Showing posts with label scotland. Show all posts
Showing posts with label scotland. Show all posts

Friday, June 24, 2016

UK Votes to Quit EU: Map of How Britain Voted in the Brexit Referendum

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By Evan Centanni

UK Brexit vote map: Map of election results in Britain's June 2016 referendum on leaving the European Union (EU). Continuous red-to-blue color scheme gives a more honest depiction of the similarities between different election districts. Colorblind accessible.
Map of election results in the UK's "Brexit" referendum. Modified by Evan Centanni from Wikimedia map by Mirrorme22, Nilfanion, TUBS, and Sting (CC BY-SA).
UK Votes to Quit EU
The results are in for yesterday's referendum on UK membership in the European Union, and the winner is "Leave". Brits voted by a margin of 52% to 48% in favor of exiting the European Union, making a "Brexit" (British exit from the EU) more or less guaranteed in the coming years. Britain will become the first member country ever to leave the EU, and the British overseas territory of Gibraltar is expected to get pulled out with it.

Learn More: Brexit: 9 Geography Facts You Should Know About the Referendum and Britain's EU Membership

Who Voted to Stay
Voter tendencies varied a lot from place to place. Support for the "Remain" side was strong across Scotland, culturally Irish parts of Northern Ireland, the London area, and a handful of other cities in England (led by Cambridge, Oxford, and Brighton).

By far the greatest show of support for Remain was a win by 96% in Gibraltar - which isn't even in the UK proper, but got to vote because of its unique status as a British external territory that's in the EU.

Friday, September 19, 2014

Maps of How Scotland's Regions Really Voted

Good geographers know that maps can lie to you. Every map emphasizes some aspects of a place at the expense of others, giving it a lot of power to lead careless readers astray. Maps of Scotland's recent independence referendum are misleading us about the reality, even if not intentionally.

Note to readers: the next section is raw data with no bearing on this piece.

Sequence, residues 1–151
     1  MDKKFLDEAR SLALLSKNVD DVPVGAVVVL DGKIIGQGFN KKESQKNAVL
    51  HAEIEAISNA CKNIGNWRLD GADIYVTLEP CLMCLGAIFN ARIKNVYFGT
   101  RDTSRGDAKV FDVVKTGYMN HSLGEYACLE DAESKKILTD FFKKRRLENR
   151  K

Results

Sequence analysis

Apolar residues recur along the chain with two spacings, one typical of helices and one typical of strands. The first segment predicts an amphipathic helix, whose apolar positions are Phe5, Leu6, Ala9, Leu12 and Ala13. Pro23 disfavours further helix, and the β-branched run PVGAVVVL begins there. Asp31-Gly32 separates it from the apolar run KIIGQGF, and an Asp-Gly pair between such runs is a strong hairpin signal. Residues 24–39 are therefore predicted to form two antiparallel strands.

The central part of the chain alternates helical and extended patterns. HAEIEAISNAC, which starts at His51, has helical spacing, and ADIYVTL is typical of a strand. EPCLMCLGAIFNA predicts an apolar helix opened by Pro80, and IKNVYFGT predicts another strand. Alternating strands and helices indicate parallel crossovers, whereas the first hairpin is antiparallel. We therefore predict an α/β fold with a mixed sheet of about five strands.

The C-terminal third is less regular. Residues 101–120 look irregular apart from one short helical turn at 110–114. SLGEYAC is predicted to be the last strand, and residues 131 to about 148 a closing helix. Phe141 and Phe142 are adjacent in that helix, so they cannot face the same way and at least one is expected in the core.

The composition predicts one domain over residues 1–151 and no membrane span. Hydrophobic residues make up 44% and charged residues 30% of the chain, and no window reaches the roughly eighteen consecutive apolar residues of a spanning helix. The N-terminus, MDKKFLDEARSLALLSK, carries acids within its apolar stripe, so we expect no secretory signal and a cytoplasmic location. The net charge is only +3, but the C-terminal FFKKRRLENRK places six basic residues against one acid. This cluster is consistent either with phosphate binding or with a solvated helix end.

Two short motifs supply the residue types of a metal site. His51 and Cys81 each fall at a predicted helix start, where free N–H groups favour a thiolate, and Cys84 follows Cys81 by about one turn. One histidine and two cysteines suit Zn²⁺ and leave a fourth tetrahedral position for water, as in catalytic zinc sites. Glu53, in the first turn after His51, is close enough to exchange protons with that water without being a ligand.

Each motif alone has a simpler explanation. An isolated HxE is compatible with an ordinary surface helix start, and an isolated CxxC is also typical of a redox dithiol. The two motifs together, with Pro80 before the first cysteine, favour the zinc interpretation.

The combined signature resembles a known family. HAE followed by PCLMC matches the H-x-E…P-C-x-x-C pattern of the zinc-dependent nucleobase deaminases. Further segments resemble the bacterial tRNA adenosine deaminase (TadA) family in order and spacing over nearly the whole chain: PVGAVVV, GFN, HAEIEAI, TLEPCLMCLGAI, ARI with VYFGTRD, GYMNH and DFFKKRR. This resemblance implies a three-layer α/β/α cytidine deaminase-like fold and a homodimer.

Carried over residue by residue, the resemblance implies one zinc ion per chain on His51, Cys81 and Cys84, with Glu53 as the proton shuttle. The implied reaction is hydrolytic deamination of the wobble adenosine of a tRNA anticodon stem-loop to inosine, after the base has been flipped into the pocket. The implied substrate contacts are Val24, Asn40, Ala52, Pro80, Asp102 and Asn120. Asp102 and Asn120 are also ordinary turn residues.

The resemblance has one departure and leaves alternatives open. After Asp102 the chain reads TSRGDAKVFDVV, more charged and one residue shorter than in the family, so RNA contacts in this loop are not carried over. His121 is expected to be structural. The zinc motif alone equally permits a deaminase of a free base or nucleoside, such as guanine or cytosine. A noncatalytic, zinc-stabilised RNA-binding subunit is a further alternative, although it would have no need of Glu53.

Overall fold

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Map of results in Scotland's September 18, 2014 independence referendum. Voters were polled on whether or not to separate from the UK. Map shows relative proportion of yes and no votes for each of Scotland's council areas, using a gradient rather than contrasting colors for small differences.
Map by Evan Centanni, based on blank map by TUBS and NordNordWest (CC BY-SA)
By Evan Centanni

Misleading Maps
By now you've probably heard the results of Scotland's independence referendum: voters chose "no" by a solid margin of 55% to 45%. Check out our previous article to learn more about what would have happened if Scotland had voted "yes".

Maps like this one from the BBC and this one from Wikipedia have popped up since the results came out, showing how each of Scotland's council areas voted. Most of the country is in red for "no", with a few "yes" areas in green.

But if one area went 51% for "yes", and another 51% for "no", those two areas actually voted almost identically - yet contrasting red/green maps make us feel like they're polar opposites (not to mention that one-in-thirty readers has trouble seeing the difference between red and green).

How the Councils Really Voted
Whether each area's people voted just over or just under 50% in favor isn't actually that important. What matters is how far the balance was tipped in each region. This is not the U.S. presidential election, where the final vote is actually made by delegates obligated to go by the majority in each state. All the votes across Scotland were pooled together to determine the result, so which side of the 50-yard line each area came out on has no effect .

Tuesday, September 16, 2014

Scottish Independence Poll: What is Scotland, and What Will Happen if it Votes to Leave the UK?

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Map of Scotland. On September 18, 2014, Scotland will vote on whether to leave the UK and become an independent country.
Map of Scotland by Eric Gaba (source). License: CC BY-SA
By Evan Centanni

Scotland's Independence Vote
On Thursday (September 18), residents of Scotland will vote in a referendum on whether to leave the United Kingdom (UK). But is Scotland a country already? What will happen if voters choose "yes" in the referendum? And what other changes would this bring to Scotland and the UK's political geography? Read on for the answers to these questions and more!

Crash Course: History of Scotland
Scotland is the name of the northern third of Great Britain, the main island of the UK, which is shared with England to the south and Wales to the southwest. It originated as the Kingdom of Alba, an independent Celtic country that was unified around the year 900.

It remained an independent kingdom throughout the Middle Ages, gradually absorbing Anglo-Saxon culture from the south until it came to be ruled by English-speaking monarchs, who called it "Scots" or "Scotland" after the Latin name for the Gaels, the predominant Celtic people of the region.